If Attorney General Wayne Stenehjem and Insurance Commissioner Jon Godfread are successful in their lawsuit against the Affordable Care Act, what does it mean for North Dakota’s Medicaid Expansion? It seems that unless an act of Congress were to follow, the program would be eliminated and nearly 20,000 North Dakotans would lose their insurance. Where are the voices of those tasked with defending the program?
In 2013, North Dakota unexpectedly expanded Medicaid as a provision of the ACA. Republican Governor Jack Dalrymple included the program in his executive budget submitted to the Legislature. House Majority Leader Al Carlson stripped it from the budget and made the provision stand on its own. His intent was to defeat Medicaid Expansion. He failed. After a full court press from lobbyists, advocates, and experts it passed both chambers in a bipartisan fashion.
Approximately 21,000 North Dakotans received insurance. Hospitals received the payments needed to maintain their bottom line and stay open in rural parts of the state. The program has been a success for North Dakota. That is all threatened.
Medicaid Expansion was passed but with stipulations. One, it must be conducted through a private insurance company. Sanford took it on, but this method greatly increased the program’s costs. Second and perhaps more importantly, the insurance “may be reduced or eliminated if federal participation is reduced or eliminated.” Elimination of the program is one of the aims of the Stenehjem lawsuit.
The hope would be that Congress would continue the program and the appropriation of Medicaid Expansion in the event that Stenehjem is successful. That seems unlikely given the current makeup of Congress. In North Dakota, we have seen where candidates land on health care. Congressman Kevin Cramer has voted approximately 60 times to repeal the law, ending Medicaid Expansion. Senator Heidi Heitkamp has defended the program. Congressional candidates Mac Schneider and Kelly Armstrong have differing views of the program as well. Schneider joined the bipartisan push in the State Senate to pass Medicaid Expansion. Kelly Armstrong voted against the program.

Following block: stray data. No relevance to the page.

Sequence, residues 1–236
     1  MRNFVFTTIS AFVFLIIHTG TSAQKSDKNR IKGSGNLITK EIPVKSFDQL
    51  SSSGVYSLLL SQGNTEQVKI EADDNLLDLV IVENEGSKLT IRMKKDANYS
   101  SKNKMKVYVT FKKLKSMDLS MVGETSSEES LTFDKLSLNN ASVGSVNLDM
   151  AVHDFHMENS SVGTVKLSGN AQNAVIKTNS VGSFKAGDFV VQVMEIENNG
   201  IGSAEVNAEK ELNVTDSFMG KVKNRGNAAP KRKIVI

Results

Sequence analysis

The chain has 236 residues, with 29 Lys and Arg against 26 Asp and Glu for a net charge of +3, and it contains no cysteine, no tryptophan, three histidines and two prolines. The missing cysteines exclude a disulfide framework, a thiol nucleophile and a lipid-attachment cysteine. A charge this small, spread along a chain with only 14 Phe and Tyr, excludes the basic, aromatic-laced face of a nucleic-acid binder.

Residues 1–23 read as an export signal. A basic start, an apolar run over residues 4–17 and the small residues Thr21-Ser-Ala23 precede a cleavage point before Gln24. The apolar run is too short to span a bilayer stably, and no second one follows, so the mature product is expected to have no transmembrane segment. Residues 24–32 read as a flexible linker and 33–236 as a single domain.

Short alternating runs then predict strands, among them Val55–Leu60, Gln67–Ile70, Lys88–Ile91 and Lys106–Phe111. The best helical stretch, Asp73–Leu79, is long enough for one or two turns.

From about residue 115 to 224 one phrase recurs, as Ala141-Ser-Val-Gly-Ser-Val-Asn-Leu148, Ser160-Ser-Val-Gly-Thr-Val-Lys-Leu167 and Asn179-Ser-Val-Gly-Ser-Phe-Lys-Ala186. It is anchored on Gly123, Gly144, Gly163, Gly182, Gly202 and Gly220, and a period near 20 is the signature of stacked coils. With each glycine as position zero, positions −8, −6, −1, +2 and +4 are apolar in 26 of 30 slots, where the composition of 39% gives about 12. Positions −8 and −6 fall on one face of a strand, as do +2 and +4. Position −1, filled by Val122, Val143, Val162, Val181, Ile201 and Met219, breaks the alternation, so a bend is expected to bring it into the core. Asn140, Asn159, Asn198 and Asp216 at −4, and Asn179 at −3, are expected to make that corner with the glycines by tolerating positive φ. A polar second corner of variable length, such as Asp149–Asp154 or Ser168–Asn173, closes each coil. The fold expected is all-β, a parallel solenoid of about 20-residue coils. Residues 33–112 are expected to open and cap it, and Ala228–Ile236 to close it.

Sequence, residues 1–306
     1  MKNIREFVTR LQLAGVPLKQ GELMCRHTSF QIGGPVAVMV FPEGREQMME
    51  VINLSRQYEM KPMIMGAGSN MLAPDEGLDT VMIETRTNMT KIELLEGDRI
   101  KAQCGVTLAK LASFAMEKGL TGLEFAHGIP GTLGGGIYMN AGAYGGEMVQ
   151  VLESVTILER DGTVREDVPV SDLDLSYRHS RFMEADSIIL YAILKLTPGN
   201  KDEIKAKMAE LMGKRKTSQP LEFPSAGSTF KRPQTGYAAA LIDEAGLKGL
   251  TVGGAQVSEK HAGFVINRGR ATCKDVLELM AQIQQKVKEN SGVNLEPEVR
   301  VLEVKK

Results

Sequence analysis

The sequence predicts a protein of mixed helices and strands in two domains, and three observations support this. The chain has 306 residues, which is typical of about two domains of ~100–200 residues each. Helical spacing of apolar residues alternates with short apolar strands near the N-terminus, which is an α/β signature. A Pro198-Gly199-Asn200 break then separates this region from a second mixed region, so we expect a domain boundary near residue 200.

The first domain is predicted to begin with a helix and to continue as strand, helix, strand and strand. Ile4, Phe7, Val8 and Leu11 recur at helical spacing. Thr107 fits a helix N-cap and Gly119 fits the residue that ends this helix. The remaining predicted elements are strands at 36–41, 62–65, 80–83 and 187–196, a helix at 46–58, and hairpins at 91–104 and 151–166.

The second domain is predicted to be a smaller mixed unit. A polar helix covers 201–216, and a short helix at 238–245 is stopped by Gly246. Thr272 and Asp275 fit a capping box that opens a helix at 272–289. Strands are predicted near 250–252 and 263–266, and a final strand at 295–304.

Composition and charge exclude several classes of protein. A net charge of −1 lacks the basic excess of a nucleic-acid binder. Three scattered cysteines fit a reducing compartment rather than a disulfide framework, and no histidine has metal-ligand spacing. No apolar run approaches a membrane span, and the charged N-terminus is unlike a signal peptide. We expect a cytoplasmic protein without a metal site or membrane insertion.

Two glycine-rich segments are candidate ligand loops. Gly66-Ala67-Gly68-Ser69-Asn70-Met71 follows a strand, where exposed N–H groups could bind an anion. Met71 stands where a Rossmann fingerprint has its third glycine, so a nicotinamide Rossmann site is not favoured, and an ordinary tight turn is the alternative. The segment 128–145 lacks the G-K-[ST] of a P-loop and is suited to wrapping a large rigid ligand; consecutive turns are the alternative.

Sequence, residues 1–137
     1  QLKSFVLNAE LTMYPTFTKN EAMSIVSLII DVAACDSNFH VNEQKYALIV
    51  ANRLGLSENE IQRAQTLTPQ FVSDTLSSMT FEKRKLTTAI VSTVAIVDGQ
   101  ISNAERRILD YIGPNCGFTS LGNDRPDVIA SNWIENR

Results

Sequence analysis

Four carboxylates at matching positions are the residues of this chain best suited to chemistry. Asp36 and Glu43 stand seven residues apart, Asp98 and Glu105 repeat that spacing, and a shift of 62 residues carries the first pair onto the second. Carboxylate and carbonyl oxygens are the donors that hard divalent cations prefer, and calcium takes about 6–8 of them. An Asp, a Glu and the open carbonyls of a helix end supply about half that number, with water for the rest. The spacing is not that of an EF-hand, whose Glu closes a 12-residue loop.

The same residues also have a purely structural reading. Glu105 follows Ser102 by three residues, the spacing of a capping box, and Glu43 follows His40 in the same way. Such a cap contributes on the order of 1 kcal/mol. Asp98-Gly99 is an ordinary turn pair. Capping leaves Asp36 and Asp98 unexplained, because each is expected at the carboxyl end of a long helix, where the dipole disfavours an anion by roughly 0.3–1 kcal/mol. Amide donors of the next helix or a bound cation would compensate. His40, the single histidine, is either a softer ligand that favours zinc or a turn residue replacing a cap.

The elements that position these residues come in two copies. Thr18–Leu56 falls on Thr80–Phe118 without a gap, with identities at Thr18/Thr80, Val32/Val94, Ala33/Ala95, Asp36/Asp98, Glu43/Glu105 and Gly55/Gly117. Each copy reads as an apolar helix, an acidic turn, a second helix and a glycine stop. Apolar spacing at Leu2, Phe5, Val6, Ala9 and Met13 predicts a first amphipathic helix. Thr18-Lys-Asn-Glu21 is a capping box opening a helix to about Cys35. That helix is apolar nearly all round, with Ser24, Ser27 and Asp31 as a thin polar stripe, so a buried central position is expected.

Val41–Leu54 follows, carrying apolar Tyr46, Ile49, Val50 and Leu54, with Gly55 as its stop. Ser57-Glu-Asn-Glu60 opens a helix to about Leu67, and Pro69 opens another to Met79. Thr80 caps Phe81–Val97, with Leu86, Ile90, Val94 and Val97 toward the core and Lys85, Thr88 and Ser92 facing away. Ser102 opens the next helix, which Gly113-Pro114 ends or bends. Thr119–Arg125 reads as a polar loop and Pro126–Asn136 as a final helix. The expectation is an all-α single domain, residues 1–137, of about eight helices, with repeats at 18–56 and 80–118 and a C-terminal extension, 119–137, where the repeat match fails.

As the lawsuit progresses along with the midterm election, I wonder where those who successfully pushed the program in 2013 are? Why is the Long Term Care Association silent when it comes to protecting nursing homes? Where is the Hospital Association to defend their member’s bottom line and keep these rural hospitals open? Where is Sanford and Blue Cross Blue Shield? Where is AARP? Where is the North Dakota Chamber of Commerce? Ironically, Jon Godfread was with the Chamber in 2013. I guess he was for Medicaid Expansion before he was against it.
Silence in this matter is unacceptable. Unfortunately, some of the associations and the individuals who run them show a pattern of shying away when tough discussions present themselves. Perhaps this is the culture of intimidation I wrote about when I created this page. Nothing is more frustrating in politics than when people tasked to stand for something fail to show up. Hopefully, they’ll find their voice soon to demonstrate the importance and success of programs like Medicaid Expansion.